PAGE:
Dr. Johnson also referred to concerns about over-eating and hoarding of food, and recommended treating these issues with sensitivity. A very helpful piece about hoarding is at, along with information on other related topics.


  1. Thank you for telling us about the Spoon Foundation.

    It's a great grass roots organisation, and it seems to have its priorities right.

    And showing again how different family food is from orphanage food, and why it's good to belong in a family.

    Kazhakstan is one of the nations with the biggest proportion of orphans (~48,000).

    Took me a while to find what might be cooked in a native country (for example: China or Korea).

  2. DD was fostered in China for the first year of her life, so when I met her foster mom, I was able to get a list of all the foods she was into--nice and basic, and I didn't have to prepare any special foods. She went straight to a cup too because the bowl had obviously been held for her. You should have seen her when I tried to bottlefeed her! First day out as a mom, Baby: 1, Mom: 0. And oh, it was a delight to throw all those nipples and liners away and just help her a little with the cup. She was definitely on her way to self-feeding and I didn't have to do much to facilitate it.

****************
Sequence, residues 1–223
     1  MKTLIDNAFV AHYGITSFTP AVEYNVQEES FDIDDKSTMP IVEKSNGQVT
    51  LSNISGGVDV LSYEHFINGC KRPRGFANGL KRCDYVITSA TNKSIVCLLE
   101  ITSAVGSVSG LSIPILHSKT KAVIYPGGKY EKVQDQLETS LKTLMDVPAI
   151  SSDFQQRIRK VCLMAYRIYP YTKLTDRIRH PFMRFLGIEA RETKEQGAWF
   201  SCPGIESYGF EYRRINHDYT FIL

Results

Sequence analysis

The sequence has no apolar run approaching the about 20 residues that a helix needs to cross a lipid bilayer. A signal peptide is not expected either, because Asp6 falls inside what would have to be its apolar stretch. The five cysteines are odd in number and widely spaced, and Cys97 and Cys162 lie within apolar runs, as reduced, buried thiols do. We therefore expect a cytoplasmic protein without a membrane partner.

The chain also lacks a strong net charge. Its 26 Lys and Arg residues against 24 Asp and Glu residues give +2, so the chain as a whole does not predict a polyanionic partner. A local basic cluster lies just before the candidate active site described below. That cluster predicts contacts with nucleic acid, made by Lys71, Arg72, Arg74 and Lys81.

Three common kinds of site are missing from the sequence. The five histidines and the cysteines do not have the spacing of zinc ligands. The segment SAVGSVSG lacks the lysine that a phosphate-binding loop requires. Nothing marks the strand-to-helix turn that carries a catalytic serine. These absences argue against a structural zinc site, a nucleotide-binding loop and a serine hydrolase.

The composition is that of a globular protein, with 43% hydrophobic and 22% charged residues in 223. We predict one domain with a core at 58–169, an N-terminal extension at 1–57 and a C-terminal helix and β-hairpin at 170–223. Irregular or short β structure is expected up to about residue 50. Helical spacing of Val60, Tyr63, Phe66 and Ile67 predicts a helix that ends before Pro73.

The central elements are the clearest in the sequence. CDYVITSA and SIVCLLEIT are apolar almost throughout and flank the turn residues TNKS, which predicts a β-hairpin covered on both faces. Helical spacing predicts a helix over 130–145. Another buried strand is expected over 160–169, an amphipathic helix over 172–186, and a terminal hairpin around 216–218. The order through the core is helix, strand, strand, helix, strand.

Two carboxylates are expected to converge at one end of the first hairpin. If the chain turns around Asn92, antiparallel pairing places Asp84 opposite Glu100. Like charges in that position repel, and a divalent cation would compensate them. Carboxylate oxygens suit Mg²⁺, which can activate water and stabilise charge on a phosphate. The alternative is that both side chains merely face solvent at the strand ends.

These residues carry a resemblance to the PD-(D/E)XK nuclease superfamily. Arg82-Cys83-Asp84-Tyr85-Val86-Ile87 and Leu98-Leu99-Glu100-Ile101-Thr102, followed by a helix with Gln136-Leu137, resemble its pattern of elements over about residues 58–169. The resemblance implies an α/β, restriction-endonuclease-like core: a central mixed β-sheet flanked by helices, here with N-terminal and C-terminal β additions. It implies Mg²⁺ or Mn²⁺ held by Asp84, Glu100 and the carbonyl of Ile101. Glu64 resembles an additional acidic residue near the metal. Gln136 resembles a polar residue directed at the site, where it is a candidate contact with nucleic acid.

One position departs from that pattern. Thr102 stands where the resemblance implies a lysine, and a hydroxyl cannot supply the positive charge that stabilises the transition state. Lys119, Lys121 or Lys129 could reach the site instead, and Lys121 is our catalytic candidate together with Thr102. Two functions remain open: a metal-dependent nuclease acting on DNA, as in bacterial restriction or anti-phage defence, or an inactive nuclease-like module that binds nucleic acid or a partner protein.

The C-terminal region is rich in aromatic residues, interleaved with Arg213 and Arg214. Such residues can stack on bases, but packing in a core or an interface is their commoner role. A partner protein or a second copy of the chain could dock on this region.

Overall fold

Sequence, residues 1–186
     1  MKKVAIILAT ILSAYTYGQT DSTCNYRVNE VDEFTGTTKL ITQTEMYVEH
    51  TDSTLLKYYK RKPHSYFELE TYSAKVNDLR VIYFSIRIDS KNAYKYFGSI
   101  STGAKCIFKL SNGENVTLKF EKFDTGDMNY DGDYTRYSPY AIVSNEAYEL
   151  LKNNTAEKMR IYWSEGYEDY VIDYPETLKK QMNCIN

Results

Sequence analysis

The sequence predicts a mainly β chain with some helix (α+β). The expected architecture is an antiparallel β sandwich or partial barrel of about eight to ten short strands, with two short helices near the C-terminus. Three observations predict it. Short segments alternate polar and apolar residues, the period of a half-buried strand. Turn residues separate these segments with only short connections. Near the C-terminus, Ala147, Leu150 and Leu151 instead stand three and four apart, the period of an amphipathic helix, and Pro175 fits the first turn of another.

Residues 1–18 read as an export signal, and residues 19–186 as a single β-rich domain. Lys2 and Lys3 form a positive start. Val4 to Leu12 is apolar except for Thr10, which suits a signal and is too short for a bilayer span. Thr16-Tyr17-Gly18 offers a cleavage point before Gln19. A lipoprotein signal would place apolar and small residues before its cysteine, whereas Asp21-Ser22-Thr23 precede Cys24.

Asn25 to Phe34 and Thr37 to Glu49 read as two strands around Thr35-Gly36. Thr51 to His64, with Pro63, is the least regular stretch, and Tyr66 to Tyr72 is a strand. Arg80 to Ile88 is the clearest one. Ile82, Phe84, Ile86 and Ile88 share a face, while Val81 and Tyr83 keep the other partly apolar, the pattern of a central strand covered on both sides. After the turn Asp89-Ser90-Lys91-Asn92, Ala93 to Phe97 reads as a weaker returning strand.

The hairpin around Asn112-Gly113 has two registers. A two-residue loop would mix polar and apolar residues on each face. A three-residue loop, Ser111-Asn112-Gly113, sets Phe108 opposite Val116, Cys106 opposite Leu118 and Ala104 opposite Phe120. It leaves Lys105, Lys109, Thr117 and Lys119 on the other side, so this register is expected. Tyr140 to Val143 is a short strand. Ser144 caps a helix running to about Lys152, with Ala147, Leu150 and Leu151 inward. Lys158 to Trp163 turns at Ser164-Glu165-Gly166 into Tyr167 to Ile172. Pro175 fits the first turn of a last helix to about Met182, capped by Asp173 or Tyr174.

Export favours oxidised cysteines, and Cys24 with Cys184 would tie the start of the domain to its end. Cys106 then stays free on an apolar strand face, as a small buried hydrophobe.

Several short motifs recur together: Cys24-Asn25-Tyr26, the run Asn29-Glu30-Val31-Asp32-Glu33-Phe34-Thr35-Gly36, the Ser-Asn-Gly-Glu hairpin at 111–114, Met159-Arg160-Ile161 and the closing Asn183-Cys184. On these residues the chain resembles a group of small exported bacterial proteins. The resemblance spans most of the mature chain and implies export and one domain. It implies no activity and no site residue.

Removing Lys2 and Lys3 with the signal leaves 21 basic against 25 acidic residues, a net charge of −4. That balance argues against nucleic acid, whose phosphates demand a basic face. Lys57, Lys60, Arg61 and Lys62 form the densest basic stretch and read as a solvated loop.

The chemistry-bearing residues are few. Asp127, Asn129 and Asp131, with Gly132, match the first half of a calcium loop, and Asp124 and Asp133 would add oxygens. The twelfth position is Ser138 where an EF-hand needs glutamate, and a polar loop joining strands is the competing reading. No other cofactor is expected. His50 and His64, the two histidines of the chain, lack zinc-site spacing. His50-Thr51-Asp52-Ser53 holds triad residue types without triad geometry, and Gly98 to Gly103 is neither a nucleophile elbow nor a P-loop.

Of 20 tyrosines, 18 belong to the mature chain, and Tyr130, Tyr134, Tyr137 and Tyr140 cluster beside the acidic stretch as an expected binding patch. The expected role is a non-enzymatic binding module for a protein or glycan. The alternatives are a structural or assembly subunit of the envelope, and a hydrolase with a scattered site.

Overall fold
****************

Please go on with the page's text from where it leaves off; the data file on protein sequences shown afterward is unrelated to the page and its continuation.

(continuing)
I have a question about a post I saw on another blog. In it "attachment parenting" was being described and the couple held the baby tightly when he fed, refused to let go of eye contact and refused to let the child take the bottle from them even though he struggled intently to do so. (In other parts of the post the child was described as very uncomfortable around prolonged human contact, i.e., touch.)